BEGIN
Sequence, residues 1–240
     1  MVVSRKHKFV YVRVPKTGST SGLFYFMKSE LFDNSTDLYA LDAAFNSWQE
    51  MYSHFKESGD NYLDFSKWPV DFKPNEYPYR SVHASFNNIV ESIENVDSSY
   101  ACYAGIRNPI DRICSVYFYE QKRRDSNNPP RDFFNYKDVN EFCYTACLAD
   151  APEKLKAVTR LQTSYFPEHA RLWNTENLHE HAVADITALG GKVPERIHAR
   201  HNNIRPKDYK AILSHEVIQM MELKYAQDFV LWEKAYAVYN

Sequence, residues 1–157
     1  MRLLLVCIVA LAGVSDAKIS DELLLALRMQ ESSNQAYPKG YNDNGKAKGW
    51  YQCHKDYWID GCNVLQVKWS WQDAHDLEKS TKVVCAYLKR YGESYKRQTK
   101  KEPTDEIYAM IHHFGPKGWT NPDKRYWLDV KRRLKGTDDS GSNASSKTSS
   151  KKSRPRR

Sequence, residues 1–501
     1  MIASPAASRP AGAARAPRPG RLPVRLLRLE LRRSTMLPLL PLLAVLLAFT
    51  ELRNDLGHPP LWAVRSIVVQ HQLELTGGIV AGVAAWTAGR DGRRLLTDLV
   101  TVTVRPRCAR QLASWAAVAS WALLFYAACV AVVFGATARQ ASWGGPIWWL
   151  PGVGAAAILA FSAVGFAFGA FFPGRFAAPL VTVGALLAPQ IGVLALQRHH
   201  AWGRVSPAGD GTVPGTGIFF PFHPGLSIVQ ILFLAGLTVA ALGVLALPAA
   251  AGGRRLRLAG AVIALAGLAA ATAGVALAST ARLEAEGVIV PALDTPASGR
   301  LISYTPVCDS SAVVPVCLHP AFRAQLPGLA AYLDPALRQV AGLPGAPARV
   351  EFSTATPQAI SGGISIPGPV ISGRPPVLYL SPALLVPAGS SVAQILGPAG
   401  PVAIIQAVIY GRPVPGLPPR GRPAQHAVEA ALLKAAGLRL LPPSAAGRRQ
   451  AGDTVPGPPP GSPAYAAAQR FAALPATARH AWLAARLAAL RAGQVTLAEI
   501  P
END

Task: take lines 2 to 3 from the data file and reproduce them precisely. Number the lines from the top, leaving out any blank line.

     1  MVVSRKHKFV YVRVPKTGST SGLFYFMKSE LFDNSTDLYA LDAAFNSWQE
    51  MYSHFKESGD NYLDFSKWPV DFKPNEYPYR SVHASFNNIV ESIENVDSSY